Taking Responsibility — Locally

» A reliance on federal aid may not be a realistic approach in a budget-constrained future.

Like it or not, U.S. transit agencies are incredibly reliant on the federal government when it comes to funding their capital needs. In Chicago, for instance, over half of funds expected to pay for new capital investments over the next five years are supposed to be handed in from Washington. Every major city around the country relies on aid from D.C. for the purchase of new buses and trains, the maintenance of existing infrastructure, and the construction of new rights-of-way.

The current state of things in the nation’s capital, however, should put in question just how much local agencies can rely on federal funds to go about their business. Congressman John Mica’s proposal for a six-year transportation reauthorization bill — currently the only such legislation that has actual funds attached to it* — would cut annual

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Dallas, a Transit Builder if Not Pioneer, Moves Forward on Streetcar

» A 1.6-mile streetcar line would bring dubious benefits to this Texas city.

Not all transit expansion projects are created equal — let that be clear. Sure, expanding public transportation options in general usually contributes to the expanded mobility of urban residents. But governments, as we know all too well, have limited funds. So identifying the best possible investments for the money must be an essential part of political decision-making.

Which brings us to Dallas, which submitted plans this week for a 1.6-mile streetcar from the city’s downtown to the Oak Cliff neighborhood just southwest across the Trinity River. It could be the first rail line in the U.S. to feature streetcars that use battery propulsion instead of always having to rely on overhead catenary. The project was funded by a U.S. Department of Transportation’s TIGER grant in February 2010 and it will be

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With Few Funds Available, What are Transit Agencies to Do?

» The manifest lack of support for an increase in funding for transportation at the federal level means public transportation providers will have to adapt to survive.

This month’s federal budget negotiations have been incredibly disheartening for those of us who believe wholeheartedly in the advantages of popular social welfare provision in the broader sense; the ease with which members of both of America’s two major political parties have dispensed with the goal of widening the provision of Social Security, Medicare, and Medicaid suggests that the sense that government can do much to reduce inequalities in our society has been pushed far enough aside as to be ignored in the meeting rooms of even a president representing the so-called left.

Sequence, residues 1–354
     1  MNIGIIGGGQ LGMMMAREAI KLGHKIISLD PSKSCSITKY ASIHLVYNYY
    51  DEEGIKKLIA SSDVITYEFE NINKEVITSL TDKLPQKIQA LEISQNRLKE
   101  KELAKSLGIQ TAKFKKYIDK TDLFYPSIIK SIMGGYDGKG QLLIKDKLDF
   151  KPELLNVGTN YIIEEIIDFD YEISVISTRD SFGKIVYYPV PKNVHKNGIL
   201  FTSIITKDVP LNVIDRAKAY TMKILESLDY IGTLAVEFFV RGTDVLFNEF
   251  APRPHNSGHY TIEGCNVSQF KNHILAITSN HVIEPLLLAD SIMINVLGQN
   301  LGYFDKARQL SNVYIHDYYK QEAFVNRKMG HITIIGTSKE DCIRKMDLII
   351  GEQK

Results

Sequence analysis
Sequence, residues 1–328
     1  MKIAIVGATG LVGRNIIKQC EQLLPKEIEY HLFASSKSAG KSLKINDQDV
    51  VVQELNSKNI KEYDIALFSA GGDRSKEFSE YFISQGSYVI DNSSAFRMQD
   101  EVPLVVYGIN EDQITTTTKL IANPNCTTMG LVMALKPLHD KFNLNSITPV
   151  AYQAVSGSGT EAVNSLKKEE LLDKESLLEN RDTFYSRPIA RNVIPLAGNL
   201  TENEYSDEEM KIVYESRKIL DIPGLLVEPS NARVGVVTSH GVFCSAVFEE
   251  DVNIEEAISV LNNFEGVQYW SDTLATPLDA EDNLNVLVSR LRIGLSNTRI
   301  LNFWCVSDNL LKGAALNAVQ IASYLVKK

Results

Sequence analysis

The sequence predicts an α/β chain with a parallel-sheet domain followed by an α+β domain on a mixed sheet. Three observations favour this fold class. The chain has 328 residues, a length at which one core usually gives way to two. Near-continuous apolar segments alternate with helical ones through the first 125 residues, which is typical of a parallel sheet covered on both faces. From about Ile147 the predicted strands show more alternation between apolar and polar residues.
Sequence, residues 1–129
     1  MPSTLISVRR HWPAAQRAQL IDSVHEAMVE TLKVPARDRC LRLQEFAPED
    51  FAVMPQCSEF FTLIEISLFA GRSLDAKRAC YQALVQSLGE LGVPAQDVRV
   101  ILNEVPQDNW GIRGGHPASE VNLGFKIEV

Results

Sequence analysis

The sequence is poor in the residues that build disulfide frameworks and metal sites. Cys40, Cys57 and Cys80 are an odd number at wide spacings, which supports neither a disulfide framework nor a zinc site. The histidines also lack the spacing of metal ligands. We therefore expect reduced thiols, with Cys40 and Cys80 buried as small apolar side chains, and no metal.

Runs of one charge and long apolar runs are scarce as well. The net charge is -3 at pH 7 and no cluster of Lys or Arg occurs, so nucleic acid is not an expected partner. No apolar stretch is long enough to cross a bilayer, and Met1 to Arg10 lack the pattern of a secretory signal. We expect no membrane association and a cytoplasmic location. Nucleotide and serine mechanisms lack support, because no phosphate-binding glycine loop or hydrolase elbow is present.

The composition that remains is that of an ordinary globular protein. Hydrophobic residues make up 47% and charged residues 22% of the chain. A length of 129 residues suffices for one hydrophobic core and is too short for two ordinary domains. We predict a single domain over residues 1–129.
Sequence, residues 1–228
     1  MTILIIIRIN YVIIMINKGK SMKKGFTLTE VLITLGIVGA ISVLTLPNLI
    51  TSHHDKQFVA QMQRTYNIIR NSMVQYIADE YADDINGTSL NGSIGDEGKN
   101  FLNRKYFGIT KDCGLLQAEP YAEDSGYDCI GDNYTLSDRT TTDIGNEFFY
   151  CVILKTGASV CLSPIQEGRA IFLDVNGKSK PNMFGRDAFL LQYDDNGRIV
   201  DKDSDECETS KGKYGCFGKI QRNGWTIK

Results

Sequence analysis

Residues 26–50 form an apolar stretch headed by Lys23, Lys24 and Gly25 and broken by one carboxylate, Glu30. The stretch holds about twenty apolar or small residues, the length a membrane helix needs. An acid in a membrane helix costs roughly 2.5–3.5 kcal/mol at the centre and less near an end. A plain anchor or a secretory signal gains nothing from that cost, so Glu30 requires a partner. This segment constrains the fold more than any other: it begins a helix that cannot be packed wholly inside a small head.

The timing of these discussions — premised on GOP skepticism of government spending and Democratic fears of advocating raising taxes — comes not coincidentally just a week after House Republicans revealed their

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Reorganizing the Bus System within the Network Hierarchy

» Lyon’s bus network is enlivened thanks to reorganization and new branding.

The advantages offered by street-running bus operations, such as offering a variety of routes and the ability to alter them at will, can sometimes be a curse. Many individual routes may provide direct service to and from specific destinations, but if they are not able to attract enough riders, the resulting low frequency of service makes them ultimately difficult to use for both those dependent and those choosing to use transit.

The New York Timesstory last week on the cancellation of a bus route in Los Angeles raised a number of questions about the manner in which bus routes operate. The Times signaled out L.A. Metro for supposedly being willing to sacrifice the mobility needs of a heavily transit-dependent community, forcing riders onto indirect buses that require transfers. But Metro’s efforts — intended to concentrate users on its Continue reading Reorganizing the Bus System within the Network Hierarchy »

For Federal Transportation Investment, a Difficult Prognosis

» A new plan for the country’s transportation financing system from Congressman John Mica would cut spending significantly — but Democrats have yet to provide a serious counter-proposal.

With everyone from Mitch McConnell to Barack Obama arguing — no matter the evidence to the contrary — that the federal budget must be constrained in order to save the American economy, it is perhaps no surprise that the long-expressed hopes of a greatly expanded transportation bill have fallen to the wayside.

The revealing today of House Transportation and Infrastructure Committee Chair John Mica’s (R-FL) plan for a six-year, $230 billion reauthorization bill is the latest evidence that support in Congress for expanded investment in the U.S. transport network is weak. Though the bill is by no means final — Senate Environment and Public Works Committee Chair Barbara Boxer (D-CA)’s own two-year plan, slightly larger (and with $12 billion in missing revenues), was

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The Site / The Fight

  • by Yonah Freemark
  • Twitter: @yfreemark
  • yfreemark (at) thetransportpolitic (dot) com
  • Le progrès ne vaut que s'il est partagé par tous.

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